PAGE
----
The home of the Oktoberfest may be in southern Germany, but this has not been enough to deter the English from joining in the celebrations this autumn.
The Oktoberfest beer festival in Munich celebrated its 200th anniversary this year
The sight of Lederhosen, accordion players and dirndl-clad waitresses is perhaps not something you'd expect to find in England, but at London's Bavarian Beerhouse that is exactly what you will find.
This enormous subterranean beer hall in central London is open to customers all year round, but puts on special celebrations to coincide with Oktoberfest. Unlike the German original that lasts just over a fortnight, this London fest - now in its fifth year - is on for a full eight weeks.
Typisch Deutsch! Castle of Neuschwanstein built for the Bavarian King Ludwig II in a neo-late romanesque style
"We started with just two weeks," said manager Jessie Kalkun, "but it was so popular that we just kept adding on more weeks, people just seem to love it."
The sound of music
Apart from the five beers on offer here, the most authentic Bavarian imports are the eight live bands flown in direct from Munich, one for every week of the celebrations.
"It's just amazing to see people's reaction to the music," said Kalkun. "At the beginning of the night they are sitting down and chatting and by the end they are dancing like mad on the benches, people really get into it and it's a proper party."
Events organizer at the beer hall, Hannah Essinger, says that the Bavarian atmosphere is actually something quite novel.
"It's just a very special time," she said. "It's almost quite exotic here for the British, they just don't have anything like this, they just love the traditional Bavarian music and the Bavarian beer and that's why this event is so unique."
Here, you can sample the Real McCoy!
Larger than life
Customers can expect all the favorite Bavarian cliches: over-sized beer jugs, waitresses wearing matching dirndls and of course a traditional food menu that includes, amongst other things "Hachse" - a pork shank with sauerkraut, gravy and dumplings.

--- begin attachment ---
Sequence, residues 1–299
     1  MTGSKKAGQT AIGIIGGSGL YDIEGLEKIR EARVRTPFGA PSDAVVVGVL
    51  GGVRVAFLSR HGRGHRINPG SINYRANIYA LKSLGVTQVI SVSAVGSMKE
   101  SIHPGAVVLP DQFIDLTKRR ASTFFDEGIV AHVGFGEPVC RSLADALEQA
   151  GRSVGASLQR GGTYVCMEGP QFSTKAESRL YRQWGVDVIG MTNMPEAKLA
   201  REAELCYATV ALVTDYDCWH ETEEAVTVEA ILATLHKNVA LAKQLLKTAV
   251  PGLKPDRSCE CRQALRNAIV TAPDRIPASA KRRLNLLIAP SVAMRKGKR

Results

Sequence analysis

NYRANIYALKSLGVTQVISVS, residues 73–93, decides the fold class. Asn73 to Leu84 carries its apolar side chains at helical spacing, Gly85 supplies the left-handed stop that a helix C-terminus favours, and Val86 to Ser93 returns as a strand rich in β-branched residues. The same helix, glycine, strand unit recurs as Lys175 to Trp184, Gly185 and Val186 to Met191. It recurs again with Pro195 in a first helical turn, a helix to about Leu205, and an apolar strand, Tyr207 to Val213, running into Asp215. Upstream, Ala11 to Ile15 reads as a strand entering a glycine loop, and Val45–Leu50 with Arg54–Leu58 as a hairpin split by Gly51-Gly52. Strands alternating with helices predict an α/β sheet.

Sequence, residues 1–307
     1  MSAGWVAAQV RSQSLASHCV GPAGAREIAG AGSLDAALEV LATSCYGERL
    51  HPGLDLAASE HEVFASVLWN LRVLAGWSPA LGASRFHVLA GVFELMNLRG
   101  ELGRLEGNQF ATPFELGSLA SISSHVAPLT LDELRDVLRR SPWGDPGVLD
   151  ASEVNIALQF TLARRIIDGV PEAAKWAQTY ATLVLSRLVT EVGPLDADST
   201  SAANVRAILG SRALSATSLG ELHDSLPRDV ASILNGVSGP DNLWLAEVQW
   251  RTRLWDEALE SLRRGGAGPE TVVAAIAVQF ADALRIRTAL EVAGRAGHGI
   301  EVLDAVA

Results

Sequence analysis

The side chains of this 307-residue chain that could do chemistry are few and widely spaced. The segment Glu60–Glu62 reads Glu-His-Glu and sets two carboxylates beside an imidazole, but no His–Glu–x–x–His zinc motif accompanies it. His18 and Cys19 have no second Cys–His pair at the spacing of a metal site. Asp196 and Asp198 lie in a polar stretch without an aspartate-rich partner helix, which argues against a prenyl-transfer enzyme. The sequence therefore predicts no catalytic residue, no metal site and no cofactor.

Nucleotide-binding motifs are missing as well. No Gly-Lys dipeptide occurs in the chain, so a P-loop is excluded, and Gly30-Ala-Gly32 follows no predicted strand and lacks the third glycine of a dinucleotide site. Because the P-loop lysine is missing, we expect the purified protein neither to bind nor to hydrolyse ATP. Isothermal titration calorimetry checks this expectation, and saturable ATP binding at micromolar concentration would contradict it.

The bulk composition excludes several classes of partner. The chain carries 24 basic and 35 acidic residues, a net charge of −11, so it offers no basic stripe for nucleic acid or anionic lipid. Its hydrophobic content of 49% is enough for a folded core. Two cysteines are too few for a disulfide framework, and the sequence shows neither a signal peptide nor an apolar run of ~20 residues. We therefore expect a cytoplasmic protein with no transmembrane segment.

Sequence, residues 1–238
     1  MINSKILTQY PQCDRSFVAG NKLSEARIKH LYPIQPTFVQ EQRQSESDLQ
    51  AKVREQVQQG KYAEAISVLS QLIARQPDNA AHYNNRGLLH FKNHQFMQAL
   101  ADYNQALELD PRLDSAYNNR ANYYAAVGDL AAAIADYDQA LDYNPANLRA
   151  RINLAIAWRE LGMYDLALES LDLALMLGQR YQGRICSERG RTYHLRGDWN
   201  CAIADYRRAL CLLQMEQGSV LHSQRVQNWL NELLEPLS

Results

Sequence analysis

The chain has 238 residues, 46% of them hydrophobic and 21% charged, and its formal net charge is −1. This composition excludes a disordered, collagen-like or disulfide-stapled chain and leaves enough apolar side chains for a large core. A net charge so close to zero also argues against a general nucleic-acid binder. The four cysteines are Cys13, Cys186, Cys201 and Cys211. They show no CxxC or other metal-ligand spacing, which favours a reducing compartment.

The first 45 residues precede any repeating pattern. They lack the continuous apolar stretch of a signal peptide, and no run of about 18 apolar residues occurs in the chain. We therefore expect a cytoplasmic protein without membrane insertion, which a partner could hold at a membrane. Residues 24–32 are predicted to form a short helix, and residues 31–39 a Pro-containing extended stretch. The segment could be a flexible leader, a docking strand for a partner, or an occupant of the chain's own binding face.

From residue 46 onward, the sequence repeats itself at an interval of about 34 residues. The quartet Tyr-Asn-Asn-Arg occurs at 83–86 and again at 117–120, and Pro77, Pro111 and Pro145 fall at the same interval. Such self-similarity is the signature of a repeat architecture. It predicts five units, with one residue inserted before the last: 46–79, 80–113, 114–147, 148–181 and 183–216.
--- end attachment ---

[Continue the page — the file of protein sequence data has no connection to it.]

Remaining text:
Although most of the customers - around 85 percent - are English, there are of course some Germans who have come for a bit of nostalgia.
"It's authentic enough for them," said Essinger. "Of course it can't be quite the same, and we do overdo it a little, but they still think it's a bit like home."
For many Germans living in London, coming to the beer hall is a way to introduce their English friends to a bit of German culture.
"A lot of the time with big groups you'll find that one of them is German and has brought his or her friends to show them how we do it," said Essinger.
Guten Appetit! Enjoy your meal. Bavarian Schweinshaxe
Making the effort
All the waitresses must speak fluent German to work here, which seems to have a positive effect on the customers.
"Lots of people try and speak German when they come here, they want to impress us with their language skills and I really think it is all down to the great Oktoberfest atmosphere," said Kalkun.
Despite this willingness to adapt to the German way of doing things, many visitors can't quite understand the table service that, while the norm in Germany, is unheard of in English pubs and bars.
"Some of them just don't get it," Kalkun remarked. "Some just keep wanting to get up to order."
Dedication to the cause
Working on Oktoberfest celebrations for a full eight weeks might seem like enough for most. But, for the staff at the Bavarian Beerhouse in London, they are all off for a weekend in Munich to enjoy the last days of the genuine article.
"For us it's a little break," said Kalkun. "After three weeks straight working, we have our break on the real Oktoberfest and get some energy back for the last five weeks."
Author: Sarah Stolarz
Editor: Nigel Tandy/Kate Bowen